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Questions and Answers

Hemp vs Cannabis:


Simply stated, hemp and cannabis are the same plants coming from the genus and species name of Cannabis Sativa. The industrial hemp varieties we utilize are genetically distinct from their THC dominant Cannabis Sativa cousins by focusing on plants that are compliant* with the 2018 farm bill as plants that produce less than .03% of THC*.

1) Hemp has uses beyond the medical application. Some varieties are designed to support products as diverse as food, fiber, paper, building materials such as boards, beams and bricks, and plastic alternatives.

2) While Cannabis has been used medicinally across the globe it has also been used spiritually and recreationally for thousands of years. Given the spectrum of uses (sometimes many at the same time) the accepted overall definition of use is therapeutic.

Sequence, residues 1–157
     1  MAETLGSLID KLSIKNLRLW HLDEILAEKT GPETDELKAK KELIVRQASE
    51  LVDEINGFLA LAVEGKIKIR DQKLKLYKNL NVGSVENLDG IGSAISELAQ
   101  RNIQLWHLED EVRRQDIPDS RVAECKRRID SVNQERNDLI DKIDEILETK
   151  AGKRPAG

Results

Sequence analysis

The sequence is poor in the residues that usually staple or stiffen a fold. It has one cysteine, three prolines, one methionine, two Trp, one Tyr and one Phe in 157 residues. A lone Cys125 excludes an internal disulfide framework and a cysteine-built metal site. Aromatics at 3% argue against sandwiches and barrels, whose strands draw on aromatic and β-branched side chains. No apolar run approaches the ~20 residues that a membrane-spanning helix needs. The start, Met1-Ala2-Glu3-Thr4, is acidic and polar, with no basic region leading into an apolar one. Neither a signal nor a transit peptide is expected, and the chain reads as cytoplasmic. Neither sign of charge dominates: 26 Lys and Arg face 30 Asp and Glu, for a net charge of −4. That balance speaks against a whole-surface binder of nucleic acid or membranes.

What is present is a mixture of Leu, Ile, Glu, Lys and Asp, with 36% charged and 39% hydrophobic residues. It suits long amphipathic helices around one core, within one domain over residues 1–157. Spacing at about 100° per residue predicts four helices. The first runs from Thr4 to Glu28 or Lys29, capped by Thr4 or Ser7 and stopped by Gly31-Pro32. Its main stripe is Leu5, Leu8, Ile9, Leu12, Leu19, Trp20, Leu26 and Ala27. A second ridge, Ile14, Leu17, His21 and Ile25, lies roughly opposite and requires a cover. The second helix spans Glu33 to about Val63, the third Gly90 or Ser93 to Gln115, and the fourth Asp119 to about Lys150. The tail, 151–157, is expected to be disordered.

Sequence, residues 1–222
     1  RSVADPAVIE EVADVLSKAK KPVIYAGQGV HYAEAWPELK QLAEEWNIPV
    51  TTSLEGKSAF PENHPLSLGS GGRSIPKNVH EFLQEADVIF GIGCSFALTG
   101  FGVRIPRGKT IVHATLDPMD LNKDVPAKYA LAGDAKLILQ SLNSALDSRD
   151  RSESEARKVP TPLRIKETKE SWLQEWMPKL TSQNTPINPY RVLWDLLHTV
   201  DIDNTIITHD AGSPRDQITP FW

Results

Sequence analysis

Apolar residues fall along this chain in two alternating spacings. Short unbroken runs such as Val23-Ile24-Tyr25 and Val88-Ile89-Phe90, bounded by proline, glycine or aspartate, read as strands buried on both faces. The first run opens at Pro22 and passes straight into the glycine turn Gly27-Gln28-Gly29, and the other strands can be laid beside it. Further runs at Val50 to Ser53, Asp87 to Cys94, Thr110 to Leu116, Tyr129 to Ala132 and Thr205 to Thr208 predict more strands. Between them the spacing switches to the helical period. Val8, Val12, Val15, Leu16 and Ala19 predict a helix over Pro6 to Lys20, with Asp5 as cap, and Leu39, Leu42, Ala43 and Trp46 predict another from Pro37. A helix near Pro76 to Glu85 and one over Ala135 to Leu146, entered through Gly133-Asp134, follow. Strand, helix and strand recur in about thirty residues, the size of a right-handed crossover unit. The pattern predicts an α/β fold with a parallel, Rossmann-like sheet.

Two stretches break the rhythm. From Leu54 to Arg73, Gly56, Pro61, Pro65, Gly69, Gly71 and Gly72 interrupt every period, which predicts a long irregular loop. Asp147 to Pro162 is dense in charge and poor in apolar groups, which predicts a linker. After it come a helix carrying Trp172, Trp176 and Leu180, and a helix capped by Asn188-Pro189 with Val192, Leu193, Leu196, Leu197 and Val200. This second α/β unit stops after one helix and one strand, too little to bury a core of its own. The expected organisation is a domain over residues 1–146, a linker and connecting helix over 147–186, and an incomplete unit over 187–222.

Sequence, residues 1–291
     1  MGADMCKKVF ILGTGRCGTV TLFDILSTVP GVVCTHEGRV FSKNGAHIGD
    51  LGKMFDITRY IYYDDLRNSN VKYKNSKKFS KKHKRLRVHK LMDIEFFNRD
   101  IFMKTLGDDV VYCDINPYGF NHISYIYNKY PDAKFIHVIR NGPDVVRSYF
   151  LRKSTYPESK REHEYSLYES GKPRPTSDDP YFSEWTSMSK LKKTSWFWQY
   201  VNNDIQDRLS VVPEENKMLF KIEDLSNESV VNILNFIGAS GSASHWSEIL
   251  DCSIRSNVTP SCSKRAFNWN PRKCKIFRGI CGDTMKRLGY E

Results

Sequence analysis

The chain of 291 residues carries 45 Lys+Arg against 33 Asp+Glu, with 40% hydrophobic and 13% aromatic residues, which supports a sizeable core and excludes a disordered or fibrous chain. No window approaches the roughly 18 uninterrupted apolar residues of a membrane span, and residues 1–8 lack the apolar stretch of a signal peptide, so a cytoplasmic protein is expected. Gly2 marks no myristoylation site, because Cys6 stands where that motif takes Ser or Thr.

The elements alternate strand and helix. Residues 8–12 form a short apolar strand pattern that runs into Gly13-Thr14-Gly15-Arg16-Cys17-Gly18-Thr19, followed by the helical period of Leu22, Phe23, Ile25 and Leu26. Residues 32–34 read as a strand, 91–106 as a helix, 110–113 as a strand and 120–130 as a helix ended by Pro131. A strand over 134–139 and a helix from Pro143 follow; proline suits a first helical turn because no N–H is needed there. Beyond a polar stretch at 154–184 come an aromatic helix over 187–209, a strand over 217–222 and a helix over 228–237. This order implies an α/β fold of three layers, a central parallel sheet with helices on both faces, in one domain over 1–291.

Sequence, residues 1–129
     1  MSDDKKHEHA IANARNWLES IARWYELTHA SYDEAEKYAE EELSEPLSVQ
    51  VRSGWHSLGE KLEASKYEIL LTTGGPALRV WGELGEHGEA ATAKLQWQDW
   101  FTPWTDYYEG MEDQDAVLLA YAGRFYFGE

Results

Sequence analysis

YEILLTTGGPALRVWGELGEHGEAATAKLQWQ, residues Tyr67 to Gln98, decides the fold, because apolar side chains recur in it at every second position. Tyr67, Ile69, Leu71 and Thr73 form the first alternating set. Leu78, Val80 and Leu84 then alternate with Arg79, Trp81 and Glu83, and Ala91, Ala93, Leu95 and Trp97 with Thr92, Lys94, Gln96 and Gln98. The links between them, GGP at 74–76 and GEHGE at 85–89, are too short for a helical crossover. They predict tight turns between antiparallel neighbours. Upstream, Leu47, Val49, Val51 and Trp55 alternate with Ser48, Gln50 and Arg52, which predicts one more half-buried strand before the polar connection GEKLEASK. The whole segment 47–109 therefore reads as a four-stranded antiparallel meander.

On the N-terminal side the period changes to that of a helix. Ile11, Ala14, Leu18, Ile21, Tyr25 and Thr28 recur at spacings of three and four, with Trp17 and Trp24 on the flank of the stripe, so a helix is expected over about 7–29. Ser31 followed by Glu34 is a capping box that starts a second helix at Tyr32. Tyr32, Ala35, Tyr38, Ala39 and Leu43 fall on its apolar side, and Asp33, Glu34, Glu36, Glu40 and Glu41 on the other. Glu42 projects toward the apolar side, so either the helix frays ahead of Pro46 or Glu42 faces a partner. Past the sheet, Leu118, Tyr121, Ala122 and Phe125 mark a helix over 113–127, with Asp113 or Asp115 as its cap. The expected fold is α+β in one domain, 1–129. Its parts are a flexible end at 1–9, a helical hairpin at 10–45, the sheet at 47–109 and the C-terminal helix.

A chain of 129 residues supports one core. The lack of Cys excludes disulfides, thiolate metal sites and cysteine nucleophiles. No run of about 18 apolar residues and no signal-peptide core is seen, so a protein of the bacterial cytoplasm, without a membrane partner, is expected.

Since 2010, we have always followed and at times exceeded local, state, federal and international supplement, drug and food safety standards. This includes closely following established regulations and protocols governing and defining the standards in this newly emerging industry while referencing established safety studies.  These include:


1) The U.S.A. Farm Bill:  * The legal definition of “industrial hemp” in the United States per Section 7606 of the Agricultural Appropriations Act of 2014/08 is defined as: “INDUSTRIAL HEMP — The term ‘‘industrial hemp’’ means the plant Cannabis sativa L. and any part of such plant, whether growing or not, with a delta-9 tetrahydrocannabinol concentration of not more than 0.3 percent on a dry weight basis.”

2) Safety Reference Study: An Assessment of the Genotoxicity and Subchronic Toxicity of

a Supercritical Fluid Extract of the Aerial Parts of Hemp

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